As part of the Festival of Futures we will be organising satellite events and workshops during February and March 2024.

If you would like more information about the events, or wish to speak with the organisers, please contact us.

A two day workshop organised by Dr Adam Blaney

22nd – 23rd February 2024

Fan studies and design symposium

Hosted by the Fan Studies Lancaster research group.

1st March 2024

Fan studies and design are both relatively young disciplines, and ones which are familiar with interdisciplinarity, and with co-production and participation. Many fans take part in activities which might be considered design; from production of creative outputs such as fanvids and fanart, to community-led projects for activism, and creating platforms such as Archive of Our Own. 

The purpose of this symposium is to bring together fan studies scholars and design researchers to discuss where new exciting research may emerge at the intersection of these two areas. We invite those who work in fan studies, and those who work in design research, or those who are already working between these areas. This joint expertise is not required, only a curiosity about one or both areas.

Hosted by Dr Rupert Griffiths, Dr Hannah Dalgleish, and ceramic artist Kath McDonald.

2nd and 3rd March 2024

The Dark Skies Luminous Nights project (led by the University of Lancaster) explores aspects around light and dark and all the shades in between. Join us at RSPB Leighton Moss to learn more!

We are inviting you to participate in a free workshop (funded by the Arts and Humanities Research Council) either on the 2nd or 3rd of March (3.15pm–6.30pm). The event will be led by artist and designer Dr Rupert Griffiths, astronomer Dr Hannah Dalgleish, and ceramic artist Kath McDonald from King Street Arts in Lancaster.

Workshop, discussion, and walk hosted by Dr Mirian Calvo

7th March 2024

A Placemaking event aimed at commemorating our collective accomplishments and fostering the generation of sustainable policies that will contribute to significant improvements for Lancaster District. The event will feature a screening of a portion of the RTPI documentary on sustainability, as well as a prelaunch of the “Placemaking with Young Adults” short film. Following these presentations, attendees will have the opportunity to enjoy a networking lunch and participate in a guided Placemaking Toured Walk around Lancaster University.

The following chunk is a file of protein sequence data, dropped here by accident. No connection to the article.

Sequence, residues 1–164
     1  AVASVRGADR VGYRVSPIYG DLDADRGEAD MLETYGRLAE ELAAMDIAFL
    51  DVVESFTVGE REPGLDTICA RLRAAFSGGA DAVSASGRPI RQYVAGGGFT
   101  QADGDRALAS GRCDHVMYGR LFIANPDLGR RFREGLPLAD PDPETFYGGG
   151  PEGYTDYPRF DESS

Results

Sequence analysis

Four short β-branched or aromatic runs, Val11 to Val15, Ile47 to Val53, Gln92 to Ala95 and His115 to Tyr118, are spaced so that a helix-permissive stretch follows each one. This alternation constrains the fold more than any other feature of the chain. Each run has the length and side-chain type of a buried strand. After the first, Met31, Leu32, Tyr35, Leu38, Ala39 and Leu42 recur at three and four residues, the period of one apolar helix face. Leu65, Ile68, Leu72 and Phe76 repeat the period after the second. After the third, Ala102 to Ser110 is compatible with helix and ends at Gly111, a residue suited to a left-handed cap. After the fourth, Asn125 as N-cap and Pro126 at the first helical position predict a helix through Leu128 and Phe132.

Informal discussion hosted by Dr Joseph Lindley

7th March 2024

In 2023 we established a Design Pedagogy and Generative AI working group (affectionately known as DPxGAI) to consider the impact of generative AI and they produced this whitepaper to help inform our strategy. Right now, at the midpoint of the first full academic year since the infamous ChatGPT was released, seems like an apt time to expand the conversation.

The focus of the afternoon will be on sharing how our AI plans are playing out and what has changed, and asking what the experiences of colleagues at other institutions are.

While the issues are big, we want this afternoon to be a relaxed and informal space to share insights about how AI is reshaping teaching, assessment, and research. We hope it will be an opportunity to share excitement, voice concerns, and satisfy our curiosities in a low-pressure setting.

A workshop to explore the emerging role of design in leveraging digital twins to transform healthcare. Hosted by Profs Rachel Cooper and Emmanuel Tsekleves.

12th March 2024

Digital twins are virtual representations of physical objects or systems that can provide valuable insights to improve design, operation and maintenance. In healthcare, digital twins hold great promise to revolutionize areas like monitoring patient health, optimizing care delivery, medical training, and more.

This half-day workshop brings together experts across academia and industry to explore the emerging role of design in leveraging digital twins to transform healthcare. Through presentations, breakout sessions and group discussions, we will examine key opportunities and challenges for design research and speculative design approaches to shape the responsible development and application of digital twin technologies in medicine and healthcare.

A workshop on methods to think about future skies hosted by Dr Paul Cureton

13th March 2024

A full-day symposium to discuss the importance of design in social contexts. Hosted by Imagination Social Design SIG

14th March 2024

The impact of design on our societies is undeniable. Design is everywhere, and seemingly everything has been designed. Design has often been associated with the reproduction of oppression, furthering the ends of capitalism, and contributing to the climate emergency we are facing. However, design is rooted in critical and reflective traditions (Van Toorn, 1994), which, when used correctly, can positively impact our societies and the planet. Social Design brings to focus this perspective to design practice. Social Design can remind us that design can be practised as a means to reduce social inequalities by working actively with our communities, to tackle the climate emergency by revisiting forms of production and traditional practices, and to improve the quality of life of those in need.

The Social Design Special Interest Group (SIG) at ImaginationLancaster is pleased to invite you to a full-day symposium to discuss the importance of design in social contexts. The symposium will bring together academics and practitioners seeking to use design to generate social good. We will discuss the role of design in promoting social justice and the practice of design in social contexts and draw together a future social agenda for design.